January 24, 2024 Filed in: Articles

With just a little coaxing, and a little help from their calculators, our grade 10 science students can use a simple energy-balance type of climate model to calculate the average temperature of a planet.

With this activity, your students will be able to calculate

This one-period activity can show your students how the numerical value of Earth’s albedo (0.3) is very meaningful to our planet’s temperature! If you are looking to inject a little more physics into your

Several years ago I had a chance to chat with Dr. Paul Kushner in the McLennan Physical Labs at the University of Toronto. He pulled a book off his shelf and tried to explain to me the simple climate model that I now share with my SNC2D students.

At first this calculation looked heavy to me, but then I realized that this simple climate model could be very accessible to grade 10 science students (if I went slowly, and I showed them how to calculate the 4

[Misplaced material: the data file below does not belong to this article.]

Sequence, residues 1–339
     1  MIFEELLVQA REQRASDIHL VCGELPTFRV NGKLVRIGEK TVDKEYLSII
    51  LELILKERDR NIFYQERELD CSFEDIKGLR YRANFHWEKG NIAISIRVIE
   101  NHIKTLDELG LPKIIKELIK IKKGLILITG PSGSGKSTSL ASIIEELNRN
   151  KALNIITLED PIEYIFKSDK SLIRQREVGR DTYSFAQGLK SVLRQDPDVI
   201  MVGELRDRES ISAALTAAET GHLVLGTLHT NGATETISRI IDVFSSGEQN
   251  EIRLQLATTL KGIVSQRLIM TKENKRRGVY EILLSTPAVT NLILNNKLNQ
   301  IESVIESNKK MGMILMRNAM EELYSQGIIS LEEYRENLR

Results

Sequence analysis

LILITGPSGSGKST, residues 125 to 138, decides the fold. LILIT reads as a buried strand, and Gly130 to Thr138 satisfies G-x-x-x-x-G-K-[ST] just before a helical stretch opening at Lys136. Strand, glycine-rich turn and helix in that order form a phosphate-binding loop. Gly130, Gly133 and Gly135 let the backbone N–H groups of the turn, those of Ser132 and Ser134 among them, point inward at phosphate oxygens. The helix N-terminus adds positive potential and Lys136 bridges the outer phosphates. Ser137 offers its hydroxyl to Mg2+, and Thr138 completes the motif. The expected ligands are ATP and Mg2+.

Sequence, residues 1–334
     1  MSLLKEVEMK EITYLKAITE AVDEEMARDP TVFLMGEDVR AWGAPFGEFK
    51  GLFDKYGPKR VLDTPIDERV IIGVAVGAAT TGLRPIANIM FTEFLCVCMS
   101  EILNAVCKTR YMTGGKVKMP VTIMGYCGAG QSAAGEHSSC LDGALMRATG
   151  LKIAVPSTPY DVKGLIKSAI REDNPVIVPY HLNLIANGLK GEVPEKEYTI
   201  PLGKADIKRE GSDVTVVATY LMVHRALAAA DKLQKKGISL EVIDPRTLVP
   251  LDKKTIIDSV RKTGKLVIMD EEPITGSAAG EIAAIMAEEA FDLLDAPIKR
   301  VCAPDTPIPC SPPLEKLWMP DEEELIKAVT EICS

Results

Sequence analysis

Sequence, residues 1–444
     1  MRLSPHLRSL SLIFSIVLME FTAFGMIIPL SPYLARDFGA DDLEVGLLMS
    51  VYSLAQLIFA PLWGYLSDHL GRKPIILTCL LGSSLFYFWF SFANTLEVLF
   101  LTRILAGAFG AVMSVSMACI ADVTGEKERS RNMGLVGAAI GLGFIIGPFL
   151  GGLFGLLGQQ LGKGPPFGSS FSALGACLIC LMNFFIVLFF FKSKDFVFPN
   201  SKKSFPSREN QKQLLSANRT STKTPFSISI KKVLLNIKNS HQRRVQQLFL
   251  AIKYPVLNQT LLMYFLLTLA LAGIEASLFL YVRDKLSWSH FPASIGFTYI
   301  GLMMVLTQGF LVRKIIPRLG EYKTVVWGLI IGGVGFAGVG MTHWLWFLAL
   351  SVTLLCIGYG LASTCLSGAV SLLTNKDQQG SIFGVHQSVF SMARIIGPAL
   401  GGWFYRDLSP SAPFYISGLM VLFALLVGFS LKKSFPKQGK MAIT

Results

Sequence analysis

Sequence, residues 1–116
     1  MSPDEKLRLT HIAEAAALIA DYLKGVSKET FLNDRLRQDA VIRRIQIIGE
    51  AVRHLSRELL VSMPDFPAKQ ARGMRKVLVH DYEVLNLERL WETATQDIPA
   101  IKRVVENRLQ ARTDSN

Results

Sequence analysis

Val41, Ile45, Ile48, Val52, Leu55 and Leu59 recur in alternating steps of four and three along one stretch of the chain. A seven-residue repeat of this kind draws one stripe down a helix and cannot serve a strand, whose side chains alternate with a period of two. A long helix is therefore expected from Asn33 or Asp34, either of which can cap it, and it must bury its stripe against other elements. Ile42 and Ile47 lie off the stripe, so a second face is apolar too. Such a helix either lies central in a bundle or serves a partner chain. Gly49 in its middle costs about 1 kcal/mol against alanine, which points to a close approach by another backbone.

The key concepts in this activity are very accessible:

- The Earth blocks a circular area of the sun’s light (πr
^{2}) - The Earth radiates heat to outers pace over its entire surface area (4πr
^{2}) - The energy received by the Earth equals the energy emitted by the Earth (the idea of the Earth being in thermal equilibrium)

While I was trying to put all the pieces of this activity together in my head, I had a moment of inspiration from the POGIL activities that the chemistry and biology teachers at my school were using.

POGIL is an acronym that stands for

I chose to emulate my simple climate model activity after the POGIL activities that I had used in other lessons because I wanted to address the key concepts of this climate model one at a time (I wanted to go slowly). I also wanted the students to work in groups to ensure the participation of each student in each group, as best as I could. The POGIL process provides for all of these things.

- A Simple Climate Model (student version)
- A Simple Climate Model (including answers)